From cameras to headsets to controllers, software and more, virtual reality technology is more than the VR content experience itself — it also surrounds the tools that are needed to create and consume it.
Recently, XBIZ asked some of adults’ VR experts, “What’s the latest hardware you’re taking advantage of to produce top-notch VR content?” Here are the insights they shared:
Speaking from the standpoint of a company that offers live streaming, we are working on an affordable home setup, so independent models can live stream in VR away from a studio, which is very exciting and opens the door to unlimited models and unlimited experiences. -Fabian Grey, AliceX
VixenVR CEO Jimmy Hess said the most exciting hardware currently available is Oculus with Touch controllers and HTC Vive, which also has controllers.
“For us, it is truly about combining the computer-generated 3D environments you can walk through and interact with and the cinematic 360-degree stereoscopic film,” Hess told XBIZ. “We are creating destinations in which the user can walk into The Gold Club San Francisco VR, take a seat and make it rain! Of course, we still offer a wide range of adult content options for the new user on a cardboard or Samsung Gear VR on VixenVR.com and VRClubz.com.”
YanksVR CMO Todd Spaits told XBIZ the company recently upgraded to dual Canon EOS 5D Mark IV cameras with custom rigging depending on the specific shooting needs.
“Other than that,” Spaits said, “good lighting, great scenery and stellar Yanks Girls complete the shoot!”
AliceX CEO Fabian Grey thinks the PlayStation VR headset is one piece of hardware the industry has yet to capitalize on from a consumer’s point of view.
“Speaking from the standpoint of a company that offers live streaming, we are working on an affordable home setup, so independent models can live stream in VR away from a studio, which is very exciting and opens the door to unlimited models and unlimited experiences,” Grey told XBIZ. “This integration will attract a huge database of fans and increase consumer awareness of VR live streaming.”
Reality Lovers’ CEO Rene Pour said it is important to note that the quality of the VR content does not come so much from using a specific camera because the same equipment is used by many competitors.
“It is more in the infrastructure and modifications around them, such as proper synchronization, a fail-proof power supply, remote control and the latest and brightest LED lighting available on the market,” Pour explained. “We wanted to be able to concentrate on producing content without getting distracted by camera troubleshooting.”
For some companies, relying on outside experts rather than courting the bleeding edge of technology in-house (and learning the hard way how that blood flows along with your bankroll as you pursue the latest and greatest hardware systems), is a preferable strategy.
For example, Grooby Productions’ president Steven Grooby told XBIZ he’s working with Paradigm Net Media for VR production.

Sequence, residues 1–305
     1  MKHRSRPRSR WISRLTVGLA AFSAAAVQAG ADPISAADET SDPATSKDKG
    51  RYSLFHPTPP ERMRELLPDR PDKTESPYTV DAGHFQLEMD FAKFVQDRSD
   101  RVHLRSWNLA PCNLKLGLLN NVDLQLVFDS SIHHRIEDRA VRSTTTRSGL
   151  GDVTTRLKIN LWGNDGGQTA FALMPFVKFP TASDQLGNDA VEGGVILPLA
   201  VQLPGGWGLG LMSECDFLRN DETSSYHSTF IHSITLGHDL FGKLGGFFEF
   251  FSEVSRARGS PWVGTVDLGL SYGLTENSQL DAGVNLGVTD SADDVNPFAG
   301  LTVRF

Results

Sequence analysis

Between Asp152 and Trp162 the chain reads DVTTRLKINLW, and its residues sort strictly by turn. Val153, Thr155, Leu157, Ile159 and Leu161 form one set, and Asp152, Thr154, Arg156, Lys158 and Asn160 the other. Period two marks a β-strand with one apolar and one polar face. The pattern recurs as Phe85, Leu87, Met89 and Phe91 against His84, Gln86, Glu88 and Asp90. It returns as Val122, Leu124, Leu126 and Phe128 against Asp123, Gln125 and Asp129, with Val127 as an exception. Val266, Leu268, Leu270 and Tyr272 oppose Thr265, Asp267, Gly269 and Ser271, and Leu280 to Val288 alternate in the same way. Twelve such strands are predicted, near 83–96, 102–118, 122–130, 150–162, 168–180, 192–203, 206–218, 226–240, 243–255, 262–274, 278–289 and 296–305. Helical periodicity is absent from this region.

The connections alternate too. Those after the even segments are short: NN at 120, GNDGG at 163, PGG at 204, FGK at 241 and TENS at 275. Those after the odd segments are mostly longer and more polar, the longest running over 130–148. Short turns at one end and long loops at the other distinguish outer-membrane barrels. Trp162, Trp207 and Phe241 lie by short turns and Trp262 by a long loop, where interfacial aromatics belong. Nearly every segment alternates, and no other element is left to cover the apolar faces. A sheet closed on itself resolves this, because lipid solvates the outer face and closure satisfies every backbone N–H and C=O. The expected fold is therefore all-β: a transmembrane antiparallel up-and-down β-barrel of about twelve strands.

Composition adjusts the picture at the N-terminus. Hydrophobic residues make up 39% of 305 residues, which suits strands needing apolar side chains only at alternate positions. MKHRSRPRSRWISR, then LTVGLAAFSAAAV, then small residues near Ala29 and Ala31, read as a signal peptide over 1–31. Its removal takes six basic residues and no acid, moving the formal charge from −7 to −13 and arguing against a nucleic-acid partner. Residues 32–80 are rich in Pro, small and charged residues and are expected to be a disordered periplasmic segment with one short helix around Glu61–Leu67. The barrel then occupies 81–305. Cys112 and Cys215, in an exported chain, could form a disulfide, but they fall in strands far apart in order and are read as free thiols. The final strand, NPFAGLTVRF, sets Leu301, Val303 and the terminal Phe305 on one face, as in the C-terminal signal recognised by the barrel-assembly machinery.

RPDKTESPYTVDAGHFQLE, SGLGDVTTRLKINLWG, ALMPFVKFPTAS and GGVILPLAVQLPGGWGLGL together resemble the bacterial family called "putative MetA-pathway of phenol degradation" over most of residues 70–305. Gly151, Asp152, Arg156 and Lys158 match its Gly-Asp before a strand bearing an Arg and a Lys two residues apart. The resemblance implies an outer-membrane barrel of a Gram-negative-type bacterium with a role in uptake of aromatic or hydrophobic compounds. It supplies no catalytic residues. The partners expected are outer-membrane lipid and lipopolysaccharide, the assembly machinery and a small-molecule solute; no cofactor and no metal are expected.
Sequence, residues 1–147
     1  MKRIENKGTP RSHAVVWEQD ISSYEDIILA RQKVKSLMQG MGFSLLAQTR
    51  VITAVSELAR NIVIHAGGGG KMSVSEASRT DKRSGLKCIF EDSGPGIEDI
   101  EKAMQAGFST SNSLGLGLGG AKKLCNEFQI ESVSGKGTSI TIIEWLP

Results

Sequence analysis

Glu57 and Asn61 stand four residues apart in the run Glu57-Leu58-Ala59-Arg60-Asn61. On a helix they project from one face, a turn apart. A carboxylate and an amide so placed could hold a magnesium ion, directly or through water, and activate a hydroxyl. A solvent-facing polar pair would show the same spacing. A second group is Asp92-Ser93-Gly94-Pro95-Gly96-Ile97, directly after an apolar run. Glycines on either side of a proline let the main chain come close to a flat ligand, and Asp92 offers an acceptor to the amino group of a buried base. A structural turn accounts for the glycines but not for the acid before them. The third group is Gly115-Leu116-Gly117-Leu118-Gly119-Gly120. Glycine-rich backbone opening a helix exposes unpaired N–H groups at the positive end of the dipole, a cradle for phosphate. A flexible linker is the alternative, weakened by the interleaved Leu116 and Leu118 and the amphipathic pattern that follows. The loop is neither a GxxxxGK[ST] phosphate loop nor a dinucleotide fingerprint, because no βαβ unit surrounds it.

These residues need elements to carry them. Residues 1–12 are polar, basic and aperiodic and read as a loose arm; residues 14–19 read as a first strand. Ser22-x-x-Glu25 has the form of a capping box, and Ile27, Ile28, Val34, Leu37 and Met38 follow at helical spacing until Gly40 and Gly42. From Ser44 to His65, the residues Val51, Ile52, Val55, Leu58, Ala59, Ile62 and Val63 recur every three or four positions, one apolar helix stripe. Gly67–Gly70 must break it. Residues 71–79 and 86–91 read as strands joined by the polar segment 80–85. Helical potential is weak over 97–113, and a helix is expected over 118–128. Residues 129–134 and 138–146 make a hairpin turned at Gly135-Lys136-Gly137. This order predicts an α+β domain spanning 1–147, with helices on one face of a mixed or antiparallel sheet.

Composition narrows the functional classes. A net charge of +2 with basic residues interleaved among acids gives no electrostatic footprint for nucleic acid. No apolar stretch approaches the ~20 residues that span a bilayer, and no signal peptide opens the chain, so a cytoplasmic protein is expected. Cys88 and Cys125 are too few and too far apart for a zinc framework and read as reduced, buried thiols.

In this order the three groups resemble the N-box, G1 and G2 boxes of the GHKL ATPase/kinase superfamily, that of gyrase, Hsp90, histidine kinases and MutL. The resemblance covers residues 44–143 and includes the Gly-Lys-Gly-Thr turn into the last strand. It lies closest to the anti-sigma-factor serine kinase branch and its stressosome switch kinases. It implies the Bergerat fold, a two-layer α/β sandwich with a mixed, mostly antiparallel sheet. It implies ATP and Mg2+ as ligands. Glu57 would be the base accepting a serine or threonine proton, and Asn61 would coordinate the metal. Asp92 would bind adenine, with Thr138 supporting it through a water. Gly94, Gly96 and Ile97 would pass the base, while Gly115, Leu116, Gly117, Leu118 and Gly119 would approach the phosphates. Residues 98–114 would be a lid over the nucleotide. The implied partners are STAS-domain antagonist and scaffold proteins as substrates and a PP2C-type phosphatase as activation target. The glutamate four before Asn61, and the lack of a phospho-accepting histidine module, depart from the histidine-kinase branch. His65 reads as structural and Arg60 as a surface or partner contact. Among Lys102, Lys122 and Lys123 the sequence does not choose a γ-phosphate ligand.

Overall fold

“[They] are on top of all the latest hardware and techniques and I think in our first run, we’re as good as anything out there,” Grooby said. “We’ll defer to professionals to keep us up to date with what is new.”
Paradigm Net Media founder Telly told XBIZ that since VR is still new, it leaves many creators to invent DIY solutions for their projects, and noted that “while camera gear gets all of the press, there’s much to be said about the importance of post-production strategies which are constantly evolving as well.”
“Creating a dedicated post-production studio capable of handling enormous video and audio files should be a top-line item within the budget of anyone looking to create quality VR content,” Telly explained. “For example, there’s a lot of promise with the new Ryzen 7 chips from AMD, providing eight CPU cores which should help with render times, and the new Titan X from NVIDIA is a beast when working with Adobe After Effects and Premiere in conjunction with Intel’s i7 Kaby Lake processor.”
Like other early adopters that took the DIY camera route, Alex from TmwVRnet.com told XBIZ the studio assembles and maintains its own equipment in-house.
“We upgrade it on regular basis and do our best to use only the newest technologies,” Alex explained.
“We apply new engineering and software solutions once they appear on the market.”
HoloFilm Productions president Anna Lee told XBIZ that everything the studio currently uses has gone through months and years of in-house R&D to produce bespoke solutions tailored to its needs.
“Our crew has always been rooted in a strong foundation in technology and so we have been fortunate to be able to create custom hardware for ourselves to shoot with,” Anna Lee said. “With our ears always to client feedback, we constantly tweak and test with everything from lighting to sound and cameras in order to produce the best content possible.”
CAM4VR content manager Ela Darling is taking advantage of the new 2.0 VR camera the company designed and built internally.